Park City planning panel poised for roster shake-up
The Park City Planning Commission, the influential panel that makes many of the community’s decisions about growth and development, could undergo an extraordinary roster change in 2018 as two rounds of appointments are anticipated by the middle of the fall.
It is highly unusual for terms for each of the seven seats on the Planning Commission to expire in the same year, as is the case in 2018. The terms are normally staggered to guard against the possibility of mass turnover as they expire. The 2018 expirations of each of the terms is a result of the long-running discussions about the Treasure development proposal.
The Park City Council extended the terms of five of the seven current members of the Planning Commission to ensure continuity during the high-stakes talks about Treasure. The Planning Commission spent significant time addressing the approximately 1 million-square-foot Treasure, proposed for a hillside overlooking Old Town along the route of the Town Lift.
City Hall last week reached an agreement with the Treasure partnership to acquire the land in a conservation deal pending voter approval of a ballot measure to fund most of the $64 million purchase. If the ballot measure fails, the partnership would be expected to re-engage the Planning Commission about the project itself. That would be months away, and the elected officials want to return to traditional Planning Commission terms before then.
The terms of two members of the Planning Commission — Adam Strachan and Laura Suesser — would have expired in July of 2016 had they not been extended. Three other Planning Commission terms — those of John Phillips, Preston Campbell and Steve Joyce — would have ended in July of 2017. Joyce left the Planning Commission to be sworn in as a City Councilor in January. Those five Planning Commission slots have been advertised.
Planning Commissioners Melissa Band and Douglas Thimm hold terms that expire in September, and those seats will be expected to be advertised later in the year.
The Planning Commission holds much of the power in development matters. The panel in many cases can approve or reject applications without the matter then being put to the City Council. It also has important duties in crafting City Hall’s General Plan, which guides growth in Park City, and the municipal government’s detailed development rules, outlined in a document known as the Land Management Code.
The Planning Commission has also traditionally been a springboard to elected office in Park City. Two of the current five members of the City Council — Joyce and Nann Worel — are former Planning Commissioners. The recently retired mayor, Jack Thomas, was also a member of the Planning Commission.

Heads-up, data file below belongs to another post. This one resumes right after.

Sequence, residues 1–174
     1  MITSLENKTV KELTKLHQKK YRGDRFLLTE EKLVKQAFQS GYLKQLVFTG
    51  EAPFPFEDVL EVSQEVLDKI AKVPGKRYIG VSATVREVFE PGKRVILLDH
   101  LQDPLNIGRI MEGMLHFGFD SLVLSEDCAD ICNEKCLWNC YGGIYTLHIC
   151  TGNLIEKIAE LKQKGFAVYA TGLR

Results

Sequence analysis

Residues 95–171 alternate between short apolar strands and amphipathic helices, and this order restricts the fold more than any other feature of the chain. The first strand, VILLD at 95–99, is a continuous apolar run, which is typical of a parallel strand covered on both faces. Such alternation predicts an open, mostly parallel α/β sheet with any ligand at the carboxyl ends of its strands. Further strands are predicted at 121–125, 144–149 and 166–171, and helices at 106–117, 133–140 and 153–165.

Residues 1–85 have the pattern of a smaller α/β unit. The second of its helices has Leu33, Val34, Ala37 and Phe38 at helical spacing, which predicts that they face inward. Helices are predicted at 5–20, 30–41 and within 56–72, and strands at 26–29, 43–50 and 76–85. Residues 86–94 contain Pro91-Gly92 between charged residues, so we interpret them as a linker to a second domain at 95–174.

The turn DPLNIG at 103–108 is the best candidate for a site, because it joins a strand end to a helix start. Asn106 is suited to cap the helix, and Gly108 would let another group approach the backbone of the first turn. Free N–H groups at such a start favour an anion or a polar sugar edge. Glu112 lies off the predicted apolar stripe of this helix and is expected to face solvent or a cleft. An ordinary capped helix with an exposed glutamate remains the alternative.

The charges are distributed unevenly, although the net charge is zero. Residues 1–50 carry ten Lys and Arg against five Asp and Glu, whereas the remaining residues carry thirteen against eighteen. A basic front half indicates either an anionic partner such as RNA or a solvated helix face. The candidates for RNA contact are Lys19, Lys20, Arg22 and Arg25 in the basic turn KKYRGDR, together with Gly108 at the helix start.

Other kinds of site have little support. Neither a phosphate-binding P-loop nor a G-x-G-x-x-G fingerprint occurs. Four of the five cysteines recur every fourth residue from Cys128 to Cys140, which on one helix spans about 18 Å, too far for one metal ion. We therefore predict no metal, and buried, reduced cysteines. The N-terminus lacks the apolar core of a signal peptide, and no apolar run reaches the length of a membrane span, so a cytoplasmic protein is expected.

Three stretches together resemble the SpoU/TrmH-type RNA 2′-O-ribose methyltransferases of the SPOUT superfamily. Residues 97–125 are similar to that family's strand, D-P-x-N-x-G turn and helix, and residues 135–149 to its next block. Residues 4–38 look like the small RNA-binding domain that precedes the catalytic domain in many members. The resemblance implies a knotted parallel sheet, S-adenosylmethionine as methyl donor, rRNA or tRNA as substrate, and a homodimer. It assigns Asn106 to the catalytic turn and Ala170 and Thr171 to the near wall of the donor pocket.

The Planning Commission in the next term is expected to address a series of high-profile issues. Some of the likely development debates include the redevelopment of the Park City Mountain Resort base area and the development of an arts district in Bonanza Park. Bruce Erickson, the planning director at City Hall, said other prominent projects expected to be put to the Planning Commission include municipal housing developments in Woodside Park and projects in Empire Pass.
The possibility of Treasure returning to the Planning Commission is also notable. If a ballot measure fails, the project would be heard by a panel roster that could potentially have no members with experience with Treasure. It could lead to a scenario with the Treasure partnership pressing for a vote on a condensed timeline as Planning Commissioners attempt to learn the intricacies of a large, complex development proposal with a history stretching to the 1980s.
Two of the incumbents, Suesser and Phillips, are seeking reappointment while the other two, Strachan and Campbell, are not applying for another term. The City Council is anticipated to make the five appointments in March. There could be interest among the elected officials to keep the two incumbents who want to be reappointed on the panel for continuity purposes.
Members of the Planning Commission must be Park City residents. Terms are for four years. Meetings are held twice a month, on the second and fourth Wednesdays. They start at 5:30 p.m. and sometimes extend well past 9 p.m. Planning Commissioners are compensated at a rate of $100 per meeting and receive a stipend for a tablet-style device to access reports. The application deadline is Friday at 5 p.m. More information and applications are available on the City Hall website, http://www.parkcity.org, or at the Planning Department at the Marsac Building.
Start a dialogue, stay on topic and be civil.
If you don't follow the rules, your comment may be deleted.
The Park City Council primary election is slated for Aug. 13, but the ballots in the vote-by-mail contest were scheduled to be sent on Tuesday. The Summit County Clerk’s Office anticipates the ballots will arrive in mailboxes and post-office boxes on Friday or Saturday.